Specs and features to look for in your colour laser
Network printers buying advice: Connections
Workgroup printers are specifically designed for sharing across a network, so you'll find a wired 100Base-TX ethernet connection and may also get support for the far faster gigabit ethernet (sometimes referred to as 1000Base-T). Your network will also need to support gigabit ethernet to benefit from the faster data transfers this mode offers, however.
Wireless connectivity is often offered by desktop printers, but it's not a common feature on a network colour laser printer - particularly given the faster ethernet option. Some of the models we review here offer it as an optional extra. Bluetooth is another potentially useful connectivity option.
Network printers buying advice: Paper chase
With hundreds of pages to print each week, it's important that your printer has strong paper-handling capabilities. This means input trays that can take 200 pages or more, and additional trays that can accommodate different stocks or contain company letterhead paper (also read our guide to creating a company letterhead). Ideally, you'll want a total input capacity of 500 sheets or more.
For output, look for a 200-sheet tray. If you're a particularly productive office in terms of the paper mountain you create, you'll need more capacious feeder and output trays. This will save you from having to keep running to the printer to replenish it with paper or ending up with a mess of printed pages on the floor.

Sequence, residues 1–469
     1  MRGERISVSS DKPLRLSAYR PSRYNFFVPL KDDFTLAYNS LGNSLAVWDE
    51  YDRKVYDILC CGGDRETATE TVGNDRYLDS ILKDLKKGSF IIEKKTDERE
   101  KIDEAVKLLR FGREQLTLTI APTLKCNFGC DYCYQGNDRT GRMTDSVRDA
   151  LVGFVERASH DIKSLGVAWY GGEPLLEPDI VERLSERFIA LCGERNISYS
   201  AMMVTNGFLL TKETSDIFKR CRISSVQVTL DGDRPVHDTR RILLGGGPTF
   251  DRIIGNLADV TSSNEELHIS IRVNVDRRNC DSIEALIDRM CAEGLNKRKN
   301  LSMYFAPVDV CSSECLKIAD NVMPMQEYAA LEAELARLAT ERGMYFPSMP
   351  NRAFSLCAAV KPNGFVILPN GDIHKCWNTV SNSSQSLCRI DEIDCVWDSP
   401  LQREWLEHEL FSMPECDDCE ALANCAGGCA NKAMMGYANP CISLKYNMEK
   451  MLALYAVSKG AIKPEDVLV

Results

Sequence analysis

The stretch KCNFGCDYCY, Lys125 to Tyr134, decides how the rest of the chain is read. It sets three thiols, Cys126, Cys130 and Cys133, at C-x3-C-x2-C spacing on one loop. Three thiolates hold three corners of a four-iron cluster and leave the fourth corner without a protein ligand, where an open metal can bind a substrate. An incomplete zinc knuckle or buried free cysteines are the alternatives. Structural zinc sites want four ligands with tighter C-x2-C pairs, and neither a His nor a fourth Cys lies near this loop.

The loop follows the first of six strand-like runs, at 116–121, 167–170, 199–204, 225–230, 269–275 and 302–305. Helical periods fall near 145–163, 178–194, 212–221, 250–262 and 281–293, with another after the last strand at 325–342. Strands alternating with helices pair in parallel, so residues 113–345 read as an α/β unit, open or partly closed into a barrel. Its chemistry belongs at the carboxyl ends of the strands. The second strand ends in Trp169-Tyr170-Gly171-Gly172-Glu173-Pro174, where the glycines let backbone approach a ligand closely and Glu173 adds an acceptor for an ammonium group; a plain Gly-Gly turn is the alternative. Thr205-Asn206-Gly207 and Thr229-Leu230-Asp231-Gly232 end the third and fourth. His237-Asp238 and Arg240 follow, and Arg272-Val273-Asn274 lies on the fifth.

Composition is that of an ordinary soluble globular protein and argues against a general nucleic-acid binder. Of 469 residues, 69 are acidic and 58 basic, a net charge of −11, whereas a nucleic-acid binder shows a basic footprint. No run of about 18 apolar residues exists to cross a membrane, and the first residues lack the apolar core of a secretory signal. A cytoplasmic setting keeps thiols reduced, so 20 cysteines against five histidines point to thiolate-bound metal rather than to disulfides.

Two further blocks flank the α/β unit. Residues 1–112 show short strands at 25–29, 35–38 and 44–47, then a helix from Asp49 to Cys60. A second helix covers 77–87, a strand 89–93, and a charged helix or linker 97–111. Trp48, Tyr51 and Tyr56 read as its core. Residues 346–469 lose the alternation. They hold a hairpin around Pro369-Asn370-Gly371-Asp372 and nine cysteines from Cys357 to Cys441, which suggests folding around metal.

Consider whether you're likely to print more pages in the future than you do now, and whether that means you'll need more generous paper trays. Also bear in mind how many people will be using the main paper tray for the majority of their print jobs each week - is it able to take enough sheets at once to cover your needs? The multipurpose additional tray is just that.
Also consider the printer's monthly duty cycle. The higher this figure is, the greater the quantity of prints the manufacturer believes your model will be capable of generating in a month. Regularly push the printer beyond this figure, and you might be inadvertently causing it long-term damage.
Workgroup printers will generally need a good complement of memory. This is particularly true if the documents printed include large, high-resolution graphics. A 128MB allocation will be fine for text-only pages, but 256MB is preferable if you're looking to print full-colour images or documents with a number of images. Most can be upgraded - sometimes to as much as 1,280MB - but retrofitting memory can be expensive.
Another feature that's easy to overlook is the support for printer command and description languages. These can give the printer a faithful idea of how the final page should look. HP's Printer Command Language (PCL) and Adobe's rather more sophisticated PostScript (PS) are commonly supported or emulated by laser printers. If your printer can handle both printer languages, it may make for better results.